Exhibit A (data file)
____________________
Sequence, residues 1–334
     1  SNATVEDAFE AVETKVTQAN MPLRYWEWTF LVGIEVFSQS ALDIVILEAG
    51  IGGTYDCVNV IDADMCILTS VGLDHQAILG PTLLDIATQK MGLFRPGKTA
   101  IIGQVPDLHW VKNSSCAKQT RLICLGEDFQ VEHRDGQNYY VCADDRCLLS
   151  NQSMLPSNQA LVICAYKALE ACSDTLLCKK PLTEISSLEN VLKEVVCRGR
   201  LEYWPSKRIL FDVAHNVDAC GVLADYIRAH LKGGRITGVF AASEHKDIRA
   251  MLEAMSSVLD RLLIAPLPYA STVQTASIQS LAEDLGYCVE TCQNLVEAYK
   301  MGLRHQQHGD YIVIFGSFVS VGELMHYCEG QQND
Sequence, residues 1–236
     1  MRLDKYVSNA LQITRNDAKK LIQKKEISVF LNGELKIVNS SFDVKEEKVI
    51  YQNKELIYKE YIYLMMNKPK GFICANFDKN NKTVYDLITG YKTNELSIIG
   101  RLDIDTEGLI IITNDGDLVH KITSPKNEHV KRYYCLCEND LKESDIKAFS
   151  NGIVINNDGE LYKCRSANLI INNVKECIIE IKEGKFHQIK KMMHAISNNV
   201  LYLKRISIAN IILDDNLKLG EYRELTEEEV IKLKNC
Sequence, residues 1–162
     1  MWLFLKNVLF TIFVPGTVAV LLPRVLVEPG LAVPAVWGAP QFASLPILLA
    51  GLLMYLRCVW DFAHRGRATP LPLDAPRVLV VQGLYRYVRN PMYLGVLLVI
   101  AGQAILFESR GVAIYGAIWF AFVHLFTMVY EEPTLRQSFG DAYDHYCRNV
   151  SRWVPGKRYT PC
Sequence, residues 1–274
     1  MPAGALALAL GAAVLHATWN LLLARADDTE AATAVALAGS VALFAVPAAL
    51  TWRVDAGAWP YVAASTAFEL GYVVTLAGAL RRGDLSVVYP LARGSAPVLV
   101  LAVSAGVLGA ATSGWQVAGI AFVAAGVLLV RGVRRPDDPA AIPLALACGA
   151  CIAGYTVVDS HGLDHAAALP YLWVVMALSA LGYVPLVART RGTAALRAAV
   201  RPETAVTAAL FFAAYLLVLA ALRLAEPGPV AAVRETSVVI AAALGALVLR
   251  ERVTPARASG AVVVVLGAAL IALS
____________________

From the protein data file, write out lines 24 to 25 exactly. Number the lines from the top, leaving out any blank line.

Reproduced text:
   151  CIAGYTVVDS HGLDHAAALP YLWVVMALSA LGYVPLVART RGTAALRAAV
   201  RPETAVTAAL FFAAYLLVLA ALRLAEPGPV AAVRETSVVI AAALGALVLR